With first-quarter sales of 105,405 units, fueled by its best-ever March, Toyota Motor Corp. has its redesigned Camry mid-sized sedan well ahead of the pack in the race for best-selling U.S. car.
At the current pace of sales, the Camry could break the 400,000-unit mark for the first time since 2008.
Camry sales peaked in 2007 at 473,108 but have fallen below the 400,000 mark because of the recession, an unintended-acceleration crisis and Japan's 2011 earthquake. Last year U. S. deliveries dropped 6 percent to 308,510 units -- still enough to keep the car atop the sales chart.
And it has outsold the Nissan Altima -- the nation's No.-2 selling car -- by 9,045 units so far this year.
In March, Camry sales reached 42,567, but about 20 percent of those deliveries went to daily rental operators who put off orders during the recession. Toyota also is filling orders from fleet buyers that were asked to delay Camry deliveries because of earthquake-related shortages.
But retail volumes for the 2013 model are also strong, says Jim Lentz, CEO of Toyota Motor Sales.
Customer demographics have also improved.
The marketing emphasis on the SE trim model has helped lower the average age of a Camry buyer down to 50, from 59. The mid-grade SE trim model is equipped with a suspension substantially stiffened compared to the standard Camry; it also boasts larger wheels and features paddle shifters on the steering wheel.
Toyota could sell more SEs models -- it currently represents 40 percent of mix -- if the automaker was not capacity constrained, Lentz said.
Also, consumer intentions to purchase the Camry have jumped 5 percentage points from last year, Lentz said.
Camry sales also are expected to get a lift from a steady rebound in the U.S. light vehicle market.
Toyota, citing rising consumer confidence, this week increased its 2012 industrywide forecast for U.S. light-vehicle sales to the low- to mid-14 million unit range, up from 13.6 million units.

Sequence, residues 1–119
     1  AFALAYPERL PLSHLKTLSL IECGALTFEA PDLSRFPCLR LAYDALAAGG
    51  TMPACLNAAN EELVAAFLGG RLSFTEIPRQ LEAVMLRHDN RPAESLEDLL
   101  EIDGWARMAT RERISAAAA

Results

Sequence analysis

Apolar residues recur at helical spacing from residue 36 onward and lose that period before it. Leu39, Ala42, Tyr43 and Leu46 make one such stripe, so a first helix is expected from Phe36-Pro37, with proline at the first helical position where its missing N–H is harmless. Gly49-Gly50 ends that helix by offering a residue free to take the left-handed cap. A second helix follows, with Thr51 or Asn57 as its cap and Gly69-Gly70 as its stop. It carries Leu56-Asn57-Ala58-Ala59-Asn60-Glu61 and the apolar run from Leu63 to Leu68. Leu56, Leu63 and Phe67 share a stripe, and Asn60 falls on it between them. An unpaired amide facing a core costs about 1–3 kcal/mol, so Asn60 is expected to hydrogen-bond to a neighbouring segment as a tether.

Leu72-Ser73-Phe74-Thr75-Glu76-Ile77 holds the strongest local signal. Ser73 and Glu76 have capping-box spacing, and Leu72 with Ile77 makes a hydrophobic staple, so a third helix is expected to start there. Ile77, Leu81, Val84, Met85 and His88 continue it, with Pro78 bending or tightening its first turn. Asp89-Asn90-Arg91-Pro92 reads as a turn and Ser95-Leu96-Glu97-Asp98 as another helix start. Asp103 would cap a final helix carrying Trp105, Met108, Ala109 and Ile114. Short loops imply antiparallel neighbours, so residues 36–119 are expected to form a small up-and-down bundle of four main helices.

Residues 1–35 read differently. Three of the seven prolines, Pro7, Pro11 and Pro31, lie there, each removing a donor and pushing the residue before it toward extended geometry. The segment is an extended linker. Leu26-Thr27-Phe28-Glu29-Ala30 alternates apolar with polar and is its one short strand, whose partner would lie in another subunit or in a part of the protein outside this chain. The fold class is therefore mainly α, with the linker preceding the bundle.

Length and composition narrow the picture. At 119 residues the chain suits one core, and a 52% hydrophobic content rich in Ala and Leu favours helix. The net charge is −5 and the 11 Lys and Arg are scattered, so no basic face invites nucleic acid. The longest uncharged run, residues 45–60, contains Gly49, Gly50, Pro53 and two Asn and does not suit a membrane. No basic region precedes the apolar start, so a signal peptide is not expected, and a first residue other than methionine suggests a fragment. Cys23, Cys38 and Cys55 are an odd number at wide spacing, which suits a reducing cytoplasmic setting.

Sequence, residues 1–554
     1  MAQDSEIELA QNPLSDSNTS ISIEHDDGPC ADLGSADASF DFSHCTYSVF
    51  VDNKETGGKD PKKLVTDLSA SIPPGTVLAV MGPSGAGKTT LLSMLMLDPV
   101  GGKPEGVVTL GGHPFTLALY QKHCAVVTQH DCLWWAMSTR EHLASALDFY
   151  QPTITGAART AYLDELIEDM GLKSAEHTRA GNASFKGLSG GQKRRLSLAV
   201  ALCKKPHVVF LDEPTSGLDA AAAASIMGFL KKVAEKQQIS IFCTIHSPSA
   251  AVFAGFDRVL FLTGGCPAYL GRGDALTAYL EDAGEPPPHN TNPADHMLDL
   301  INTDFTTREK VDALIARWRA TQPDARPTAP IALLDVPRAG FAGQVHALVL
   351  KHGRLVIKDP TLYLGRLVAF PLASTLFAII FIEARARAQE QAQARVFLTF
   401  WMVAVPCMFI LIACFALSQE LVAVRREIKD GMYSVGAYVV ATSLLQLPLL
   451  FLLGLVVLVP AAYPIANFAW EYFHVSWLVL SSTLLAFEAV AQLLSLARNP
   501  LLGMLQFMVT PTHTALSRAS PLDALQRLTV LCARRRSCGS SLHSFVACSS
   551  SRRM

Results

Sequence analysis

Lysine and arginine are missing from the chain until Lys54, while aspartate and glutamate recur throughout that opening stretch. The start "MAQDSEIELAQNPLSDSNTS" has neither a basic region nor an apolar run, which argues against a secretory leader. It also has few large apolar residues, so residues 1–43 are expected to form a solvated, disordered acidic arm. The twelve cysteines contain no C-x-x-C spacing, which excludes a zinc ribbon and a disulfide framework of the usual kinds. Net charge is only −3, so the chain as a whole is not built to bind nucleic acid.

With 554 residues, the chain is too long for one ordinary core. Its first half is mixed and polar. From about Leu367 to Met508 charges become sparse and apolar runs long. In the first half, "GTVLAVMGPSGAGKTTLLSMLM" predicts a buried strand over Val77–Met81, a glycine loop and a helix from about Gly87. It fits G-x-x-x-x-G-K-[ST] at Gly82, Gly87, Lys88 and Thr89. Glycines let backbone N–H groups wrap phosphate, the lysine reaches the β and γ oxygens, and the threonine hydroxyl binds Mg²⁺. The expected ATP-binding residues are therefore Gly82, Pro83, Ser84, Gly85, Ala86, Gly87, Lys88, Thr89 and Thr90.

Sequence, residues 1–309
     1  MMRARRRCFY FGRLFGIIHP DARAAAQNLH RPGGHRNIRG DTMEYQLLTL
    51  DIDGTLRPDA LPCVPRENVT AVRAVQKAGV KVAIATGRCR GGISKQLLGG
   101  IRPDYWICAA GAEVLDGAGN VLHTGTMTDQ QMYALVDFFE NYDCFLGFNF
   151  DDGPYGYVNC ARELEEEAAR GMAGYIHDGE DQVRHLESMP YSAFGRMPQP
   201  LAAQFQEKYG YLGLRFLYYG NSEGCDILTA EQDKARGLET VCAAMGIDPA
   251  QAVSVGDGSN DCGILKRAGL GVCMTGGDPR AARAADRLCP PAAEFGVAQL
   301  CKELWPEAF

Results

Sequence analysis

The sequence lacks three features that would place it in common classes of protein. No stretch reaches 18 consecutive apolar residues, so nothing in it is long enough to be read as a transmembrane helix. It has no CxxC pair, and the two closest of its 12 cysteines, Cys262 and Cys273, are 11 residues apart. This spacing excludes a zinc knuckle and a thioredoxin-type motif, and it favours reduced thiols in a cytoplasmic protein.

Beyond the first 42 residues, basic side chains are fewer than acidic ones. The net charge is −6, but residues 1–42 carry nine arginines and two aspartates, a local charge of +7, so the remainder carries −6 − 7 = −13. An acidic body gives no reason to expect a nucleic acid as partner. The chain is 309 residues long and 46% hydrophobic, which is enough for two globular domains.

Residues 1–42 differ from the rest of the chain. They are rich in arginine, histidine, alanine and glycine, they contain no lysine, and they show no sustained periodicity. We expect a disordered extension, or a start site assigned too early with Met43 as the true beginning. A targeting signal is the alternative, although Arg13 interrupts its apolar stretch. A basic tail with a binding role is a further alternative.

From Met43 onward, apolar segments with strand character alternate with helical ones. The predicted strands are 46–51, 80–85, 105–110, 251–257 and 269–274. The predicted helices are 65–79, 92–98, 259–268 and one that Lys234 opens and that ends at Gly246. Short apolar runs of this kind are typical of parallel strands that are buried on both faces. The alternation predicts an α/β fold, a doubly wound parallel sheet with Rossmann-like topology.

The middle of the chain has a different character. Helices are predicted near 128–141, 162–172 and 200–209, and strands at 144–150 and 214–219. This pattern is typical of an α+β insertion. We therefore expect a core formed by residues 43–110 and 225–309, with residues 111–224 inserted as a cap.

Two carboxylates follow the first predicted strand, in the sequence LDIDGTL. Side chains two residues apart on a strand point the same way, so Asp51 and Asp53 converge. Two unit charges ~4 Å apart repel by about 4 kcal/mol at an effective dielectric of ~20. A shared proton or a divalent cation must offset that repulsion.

More players in segment
But there is no guarantee Camry sales will hit 400,000 units with the mid-sized sedan segment undergoing a major overhaul.
A redesigned Chevrolet Malibu is now in showrooms, and a redesigned Altima goes on sale in late June. In the fall, a redesigned Honda Accord and Ford Fusion will be introduced. And early next year Mazda will begin marketing a revamped Mazda6.
The redesigned Hyundai Sonata, Kia Optima and Volkswagen Passat also are gaining ground in the segment.
That's a lot of competition. But Lentz is confident that Camry can maintain its sales rate, especially since 52 percent of current volume is coming from conquest sales.
Despite rising gaoline prices, the mid-sized sedan segment is also producing stronger sales gains, in some cases, than compact and subcompact sales, Lentz said.
"Maybe it's because people can get a Camry Hybrid that gets 43 miles per gallon," Lentz said. "People don't want to make the (size) compromise."
Even with the tough competition, the new Camry is so far fighting the good fight saleswise, with the SE being a good reason why people are buying the car, and even having conquest sales. When Toyota lowers their fleet numbers, will it be enough to be #1?
If people buy Camrys no matter what, they'll do so despite a stiffer ride.
In that respect, get rid of the LE and L grades.